Common Unconscious Defence Mechanisms, Sublimation - What Lies Beneath
As a therapist I’m interested not only in the way humans interact with each other, but I’m curious about their motives, their fears and their hopes and dreams, and I am completely and utterly fascinated by the way we (and I include myself here) can use unconscious defence mechanisms to distort reality to suit our own personal narrative and deny the bleeding obvious even when it slaps us in the face. We want others to see only our best self and that we are not only coping, but that we are happy, and that no noxious weeds, only sweet smelling roses and blooming daffodils, grow and flourish in our mentally well garden.
So what lies beneath the soil of civility? We all behave in certain ways to protect or defend our most vulnerable feelings, our inner self and self-image. This blog is the first in a series of Unconscious Defence Mechanisms (meaning they are out of our awareness) that we all employ at some time or another in order to hide an unpalatable truth about ourselves or others. This one is about sublimation, a fancy psychoanalytic word for when people bury deep inside their soul, dangerous and unacceptable impulses, disturbing thoughts and erratic emotions and instead channel this dark energy into something more socially acceptable. Classic examples include exercising hard to rid oneself of irksome, distracting sexual feelings or using black humour to cover up dark, murderous impulses.
I remember being fifteen, in the throes of puberty and madly in love with Prince Charles, who was 28 and single at the time and played a lot of vigorous sports involving horses. My naïve, sexually inquisitive 1977 self asked Mum if he was still a virgin (like she had a crystal ball into these matters) and I remember Mum saying he probably was and that intensive sport was his way of using up (or sublimating) his restless sexual energy. I swallowed that explanation hook, line and sinker because it fitted in with my world-view that he was a really nice decent bloke, trying hard to save himself for the right woman, and whom one day I might marry and become the Queen of England. Back in those pre-internet days, the Royal Family were deemed as virtuous, sexless, setting an exemplary example to the great unwashed public and quite beyond reproach. These were lofty standards that my rambunctious and disorderly family never quite achieved. Or came close to achieving.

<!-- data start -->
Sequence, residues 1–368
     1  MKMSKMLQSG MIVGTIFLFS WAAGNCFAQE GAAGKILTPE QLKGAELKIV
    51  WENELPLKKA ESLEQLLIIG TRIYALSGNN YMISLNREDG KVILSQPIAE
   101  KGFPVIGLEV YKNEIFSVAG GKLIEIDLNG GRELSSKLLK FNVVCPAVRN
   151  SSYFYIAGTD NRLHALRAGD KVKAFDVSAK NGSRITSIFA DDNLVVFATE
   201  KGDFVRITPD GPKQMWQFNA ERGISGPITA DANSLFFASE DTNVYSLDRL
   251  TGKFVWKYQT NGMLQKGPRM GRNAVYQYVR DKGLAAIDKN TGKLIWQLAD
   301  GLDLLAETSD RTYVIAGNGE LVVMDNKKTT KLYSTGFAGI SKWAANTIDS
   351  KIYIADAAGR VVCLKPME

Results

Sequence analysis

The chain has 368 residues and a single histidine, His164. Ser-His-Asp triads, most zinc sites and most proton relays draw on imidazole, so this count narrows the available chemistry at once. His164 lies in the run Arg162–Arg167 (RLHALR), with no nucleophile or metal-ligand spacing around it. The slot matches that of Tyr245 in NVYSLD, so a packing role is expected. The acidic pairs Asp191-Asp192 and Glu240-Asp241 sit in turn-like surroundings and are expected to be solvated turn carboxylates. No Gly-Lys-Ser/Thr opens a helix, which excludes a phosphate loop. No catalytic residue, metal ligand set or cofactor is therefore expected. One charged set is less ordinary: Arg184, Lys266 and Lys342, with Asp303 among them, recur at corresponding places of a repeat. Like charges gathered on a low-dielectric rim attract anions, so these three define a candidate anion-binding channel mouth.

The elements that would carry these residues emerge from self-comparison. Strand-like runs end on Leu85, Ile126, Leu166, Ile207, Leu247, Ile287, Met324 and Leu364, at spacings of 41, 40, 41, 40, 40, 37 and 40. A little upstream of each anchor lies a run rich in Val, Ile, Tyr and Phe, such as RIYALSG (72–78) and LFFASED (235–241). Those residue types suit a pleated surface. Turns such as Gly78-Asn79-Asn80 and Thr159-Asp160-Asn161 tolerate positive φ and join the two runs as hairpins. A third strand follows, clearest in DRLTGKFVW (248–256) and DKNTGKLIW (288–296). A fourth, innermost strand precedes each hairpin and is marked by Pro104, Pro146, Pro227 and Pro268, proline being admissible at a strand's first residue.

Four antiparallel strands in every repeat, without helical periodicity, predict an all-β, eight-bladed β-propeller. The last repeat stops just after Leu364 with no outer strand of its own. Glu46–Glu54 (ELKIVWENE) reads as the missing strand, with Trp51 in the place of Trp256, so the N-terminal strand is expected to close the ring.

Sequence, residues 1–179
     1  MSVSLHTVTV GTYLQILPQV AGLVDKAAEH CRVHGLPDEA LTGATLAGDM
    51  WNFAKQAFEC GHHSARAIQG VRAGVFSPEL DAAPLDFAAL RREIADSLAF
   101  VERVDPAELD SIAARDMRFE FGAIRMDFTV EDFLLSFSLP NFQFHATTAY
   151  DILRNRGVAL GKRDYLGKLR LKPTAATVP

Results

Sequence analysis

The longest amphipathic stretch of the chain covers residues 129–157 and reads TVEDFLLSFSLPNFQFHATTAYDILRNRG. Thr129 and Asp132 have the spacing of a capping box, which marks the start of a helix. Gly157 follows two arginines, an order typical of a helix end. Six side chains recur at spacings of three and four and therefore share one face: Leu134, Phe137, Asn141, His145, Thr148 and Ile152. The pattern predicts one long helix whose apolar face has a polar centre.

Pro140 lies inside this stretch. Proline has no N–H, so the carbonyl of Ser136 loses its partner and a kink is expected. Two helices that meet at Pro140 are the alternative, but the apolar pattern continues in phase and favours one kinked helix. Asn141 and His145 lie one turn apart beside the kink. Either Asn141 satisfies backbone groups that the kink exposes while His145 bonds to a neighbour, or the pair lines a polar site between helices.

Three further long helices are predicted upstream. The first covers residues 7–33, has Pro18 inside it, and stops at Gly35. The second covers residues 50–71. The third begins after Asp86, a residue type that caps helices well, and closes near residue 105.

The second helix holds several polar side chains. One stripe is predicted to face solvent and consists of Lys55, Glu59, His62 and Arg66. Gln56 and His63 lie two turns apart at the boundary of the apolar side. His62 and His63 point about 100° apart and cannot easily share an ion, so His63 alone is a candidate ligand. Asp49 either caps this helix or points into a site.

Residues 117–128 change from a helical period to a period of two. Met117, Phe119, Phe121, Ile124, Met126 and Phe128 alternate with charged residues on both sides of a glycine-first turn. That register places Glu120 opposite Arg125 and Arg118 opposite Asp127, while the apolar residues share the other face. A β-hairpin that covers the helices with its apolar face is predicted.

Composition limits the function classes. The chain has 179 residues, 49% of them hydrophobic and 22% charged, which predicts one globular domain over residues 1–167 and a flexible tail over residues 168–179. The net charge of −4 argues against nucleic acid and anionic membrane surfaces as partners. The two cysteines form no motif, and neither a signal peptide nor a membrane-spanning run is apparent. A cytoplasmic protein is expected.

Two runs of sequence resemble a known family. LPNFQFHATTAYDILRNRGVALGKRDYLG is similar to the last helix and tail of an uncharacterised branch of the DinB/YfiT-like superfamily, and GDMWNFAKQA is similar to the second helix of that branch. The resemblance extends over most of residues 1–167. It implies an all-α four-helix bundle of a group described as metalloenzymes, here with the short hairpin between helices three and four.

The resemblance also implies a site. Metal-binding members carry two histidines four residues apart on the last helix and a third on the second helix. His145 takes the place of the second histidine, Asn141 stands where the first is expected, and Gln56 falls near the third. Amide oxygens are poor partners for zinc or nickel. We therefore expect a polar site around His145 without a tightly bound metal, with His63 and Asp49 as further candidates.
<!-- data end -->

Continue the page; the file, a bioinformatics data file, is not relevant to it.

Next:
Many years ago, when I was a mother of three small children and married to someone who was not Prince Charles, I found the job overwhelming and was worried, no, terrified I was not a good mother. I had some very unacceptable thoughts and impulses during the motherhood years between 1990 and 2015 which was when my last child left home. At the time I just free-fall dissociated and metabolised any excess energy (and by that I mean murderous impulses) I had into writing so-called light-hearted comedy about the anger, resentment, horror, pain and frustration of motherhood and my family. I wrote witty anecdotes involving all the socially undesirable household happenings, all the warts, lice, tinea, fleas, broken bones, teenage hormones, father-son and mother-daughter dynamics, sibling rivalry and “adult coping skills” involving caffeine, red wine, funky cigarettes and even funkier 1970s teenage boybands.
I sublimated so much free-range evil and menace (think Hansel and Gretel), that I caught the attention of an ABC 720 radio producer, herself with two children who resonated with my pain and anguish and gave me a weekly radio spot called “Bad Mother’s Revenge.” She was also instrumental in getting my first two books published. Sublimation saved our lives and my children somehow all turned out into people I actually like (some things are miracles best not examined too closely).
By this stage Prince Charles had not only married Princess Diana, but somehow there ended up being three people in the marital bed. This was the time that, like most of us, His Royal Highness was himself probably having quite a few subliminal dangerous and unacceptable impulses, disturbing thoughts and erratic emotions. Sublimation keeps the dark side of the force at bay allowing us to be civilised and safe, and this includes the Royal Family but it’s secretly nice to know that what lies beneath the British Monarchy, is just as rambunctious and disorderly as the rest of us.